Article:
• "Certain Songs" contains the line "the hard drugs are for the bartenders." "The Cattle and the Creeping Things" includes the lyric "Silly rabbit/Tripping is for teenagers/Murder is for murderers/And hard drugs are for bartenders/I think I might have mentioned that before."
  • Cliffhanger: The last we hear of Charlemagne on Stay Positive is that he's "hiding from the gentlemen/with the same tattoos as Gideon."
  • Continuity Nod: Very often.
  • Concept Album: Most notably Separation Sunday. Stay Positive is loosely based around a murder mystery; the others are more thematic in concept.
  • Cover Version: Their first single was backed with Led Zeppelin's "Hey Hey What Can I Do?" They have also covered Dylan and Springsteen, and released Rags, a cover EP.
  • Darker and Edgier: In her first appearance ("Chips Ahoy") the psychic is using her power to win bets. When she reappears, it's in the haunting, creepy "Both Crosses," in which she's tormented by visions of the murder from "One for the Cutters."
  • Epic Rocking: "Constructive Summer" and "Slapped Actress", which open and close Stay Positive. They also often close concerts with long renditions of "Most People Are DJs" or "How A Resurrection Really Feels".
  • Hakuna Matata: "Constructive Summer."
  • Hookers and Blow
  • "I Am" Song: "Chips Ahoy" establishes the character of the psychic.
  • I Lied: A pretty notable example comes from "Knuckles."
    "The last guy didn't really die; I just lied
    And the first four didn't really die; I just lied"
  • Jigsaw Puzzle Plot: The Myth Arc. Almost Killed Me appears to be the beginning/scene-setting, and Separation Sunday outlines the larger Myth Arc all the way to "How A Resurrection Really Feels", which is obviously the Grand Finale (being about Holly's return and spiritual rebirth). But songs from all the later albums seem to fit back into that larger arc, showing various episodes along the way.
  • Large Ham: Craig Finn on stage.
  • Metaphor Gotten: "Multitude of Casualties": "She drove it like she stole it/And she stole it fast and with a multitude of casualties."
  • Motor Mouth: Craig Finn can spew rough-but-gorgeous prose-poetry in a fairly fast fashion; the many internal rhymes and consonantal musicality intensifies it, though, often making it sound as if he's tripping over his own words.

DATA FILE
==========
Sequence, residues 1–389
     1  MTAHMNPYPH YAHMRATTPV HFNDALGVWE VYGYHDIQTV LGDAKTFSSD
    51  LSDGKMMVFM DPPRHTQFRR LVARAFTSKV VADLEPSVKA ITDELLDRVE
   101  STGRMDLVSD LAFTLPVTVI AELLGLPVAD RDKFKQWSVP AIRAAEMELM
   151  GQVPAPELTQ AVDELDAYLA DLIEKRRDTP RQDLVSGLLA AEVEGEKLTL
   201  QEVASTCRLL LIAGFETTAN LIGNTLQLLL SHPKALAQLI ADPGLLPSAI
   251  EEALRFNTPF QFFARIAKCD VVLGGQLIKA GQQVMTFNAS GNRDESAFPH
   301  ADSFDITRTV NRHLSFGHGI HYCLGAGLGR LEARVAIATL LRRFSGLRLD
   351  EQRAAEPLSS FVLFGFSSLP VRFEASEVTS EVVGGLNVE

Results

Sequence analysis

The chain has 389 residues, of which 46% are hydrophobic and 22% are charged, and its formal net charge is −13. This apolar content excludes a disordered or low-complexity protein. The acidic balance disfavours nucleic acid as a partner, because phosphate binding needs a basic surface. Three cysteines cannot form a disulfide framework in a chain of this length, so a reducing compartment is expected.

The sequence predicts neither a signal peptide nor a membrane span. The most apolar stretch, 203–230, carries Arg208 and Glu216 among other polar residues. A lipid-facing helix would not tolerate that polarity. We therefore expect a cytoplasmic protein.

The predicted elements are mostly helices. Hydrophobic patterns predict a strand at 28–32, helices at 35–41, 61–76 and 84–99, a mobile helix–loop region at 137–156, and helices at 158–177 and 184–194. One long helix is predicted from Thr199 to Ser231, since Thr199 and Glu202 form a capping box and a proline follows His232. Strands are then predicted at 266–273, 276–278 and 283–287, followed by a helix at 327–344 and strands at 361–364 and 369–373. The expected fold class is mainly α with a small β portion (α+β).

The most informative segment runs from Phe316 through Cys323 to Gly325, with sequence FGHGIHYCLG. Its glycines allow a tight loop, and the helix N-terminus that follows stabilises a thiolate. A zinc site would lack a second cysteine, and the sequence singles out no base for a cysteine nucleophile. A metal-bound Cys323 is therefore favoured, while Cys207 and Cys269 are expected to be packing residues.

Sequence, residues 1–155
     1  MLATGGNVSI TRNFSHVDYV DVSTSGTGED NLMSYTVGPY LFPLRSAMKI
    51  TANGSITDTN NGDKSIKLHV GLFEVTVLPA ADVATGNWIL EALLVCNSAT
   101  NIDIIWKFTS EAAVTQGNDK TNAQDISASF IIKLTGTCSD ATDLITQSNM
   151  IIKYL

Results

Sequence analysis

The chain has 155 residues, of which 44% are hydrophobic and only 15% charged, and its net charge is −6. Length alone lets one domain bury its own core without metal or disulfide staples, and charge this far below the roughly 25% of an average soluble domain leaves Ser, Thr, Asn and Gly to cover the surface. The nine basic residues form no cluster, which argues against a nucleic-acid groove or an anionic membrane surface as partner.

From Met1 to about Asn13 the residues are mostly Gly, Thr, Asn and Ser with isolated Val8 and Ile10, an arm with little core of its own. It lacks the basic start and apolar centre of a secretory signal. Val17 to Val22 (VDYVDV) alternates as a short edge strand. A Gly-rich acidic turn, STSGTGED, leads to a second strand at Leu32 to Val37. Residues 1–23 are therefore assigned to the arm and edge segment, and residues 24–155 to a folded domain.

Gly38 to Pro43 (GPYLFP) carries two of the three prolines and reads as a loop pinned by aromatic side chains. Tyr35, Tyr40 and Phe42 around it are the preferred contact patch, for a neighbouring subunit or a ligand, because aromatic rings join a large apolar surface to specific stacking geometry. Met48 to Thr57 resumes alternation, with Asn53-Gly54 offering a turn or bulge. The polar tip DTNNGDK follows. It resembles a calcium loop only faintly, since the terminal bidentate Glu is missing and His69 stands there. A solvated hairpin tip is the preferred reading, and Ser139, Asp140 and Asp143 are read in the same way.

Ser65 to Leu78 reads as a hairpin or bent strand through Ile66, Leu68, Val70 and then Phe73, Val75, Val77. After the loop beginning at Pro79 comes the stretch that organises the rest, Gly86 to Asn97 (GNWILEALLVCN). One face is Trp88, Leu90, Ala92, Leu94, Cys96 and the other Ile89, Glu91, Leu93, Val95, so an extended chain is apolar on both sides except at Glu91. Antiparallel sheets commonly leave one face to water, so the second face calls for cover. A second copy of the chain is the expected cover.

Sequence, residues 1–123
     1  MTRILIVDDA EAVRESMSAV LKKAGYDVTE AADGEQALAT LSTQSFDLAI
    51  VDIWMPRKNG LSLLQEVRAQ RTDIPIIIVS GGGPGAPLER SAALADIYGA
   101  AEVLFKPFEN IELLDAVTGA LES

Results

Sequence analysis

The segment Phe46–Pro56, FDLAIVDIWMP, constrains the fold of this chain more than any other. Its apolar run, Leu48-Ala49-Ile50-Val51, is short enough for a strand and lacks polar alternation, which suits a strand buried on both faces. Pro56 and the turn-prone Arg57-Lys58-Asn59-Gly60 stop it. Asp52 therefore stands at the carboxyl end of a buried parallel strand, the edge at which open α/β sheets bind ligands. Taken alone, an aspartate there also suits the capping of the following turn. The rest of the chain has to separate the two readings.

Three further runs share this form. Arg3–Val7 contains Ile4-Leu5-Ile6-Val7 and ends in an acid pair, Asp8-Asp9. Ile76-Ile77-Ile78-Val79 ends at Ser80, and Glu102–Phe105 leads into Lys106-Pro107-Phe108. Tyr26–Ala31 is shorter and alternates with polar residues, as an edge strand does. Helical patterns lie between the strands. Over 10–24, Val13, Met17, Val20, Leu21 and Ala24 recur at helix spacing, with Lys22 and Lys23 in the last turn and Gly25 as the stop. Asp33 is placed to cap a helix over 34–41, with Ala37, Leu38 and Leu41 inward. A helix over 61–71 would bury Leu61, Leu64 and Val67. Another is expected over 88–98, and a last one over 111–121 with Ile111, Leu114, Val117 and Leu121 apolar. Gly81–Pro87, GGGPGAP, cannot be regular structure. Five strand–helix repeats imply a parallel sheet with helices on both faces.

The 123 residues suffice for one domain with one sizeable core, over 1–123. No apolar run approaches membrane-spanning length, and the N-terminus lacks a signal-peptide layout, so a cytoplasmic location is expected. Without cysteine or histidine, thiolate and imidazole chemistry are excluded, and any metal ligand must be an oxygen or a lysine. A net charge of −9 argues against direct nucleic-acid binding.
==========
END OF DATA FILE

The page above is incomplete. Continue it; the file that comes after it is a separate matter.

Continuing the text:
• Murder Ballad: The story arc of Stay Positive.
  • Not Christian Rock: The Hold Steady write songs about Catholicism, but they're not a Christian rock band. It's all mixed up in drug taking, sex, and teenage rebellion anyway...
    "I guess I heard about original sin, I heard the dude blamed the chick, I heard the chick blamed the snake. I heard they were naked when they got busted, and I heard things ain't been the same since."
  • Rockstar Song: "Rock Problems."
  • Shout-Out: Lots. Referencing poets, books, old and current bands, and lines and characters from their own songs and others', often in the same song, is standard.
    • Northern Irish poet Colin Dardis sometimes uses the phrase 'hold steady' or a variation of it in his poems as a shout out to the band.
  • Special Guest: The guest vocals on "Chillout Tent" from Boys And Girls In America? Dave Pirner.
  • The Song Before The Storm - "Joke About Jamaica" is a soft, nostalgic ballad just before the climactic "Slapped Actress."
  • Title Drop: "And I got bored when I didn't have a band/So I started a band, man/We're gonna start it with a positive jam/Hold Steady"
  • Viewers Are Geniuses: If you want to pick up all the references. The non-linear narrative of Separation Sunday, for example, is best appreciated with in-depth knowledge of both Biblical mythology and Irish-American Catholic heritage. It also helps if you know your way around the Twin Cities.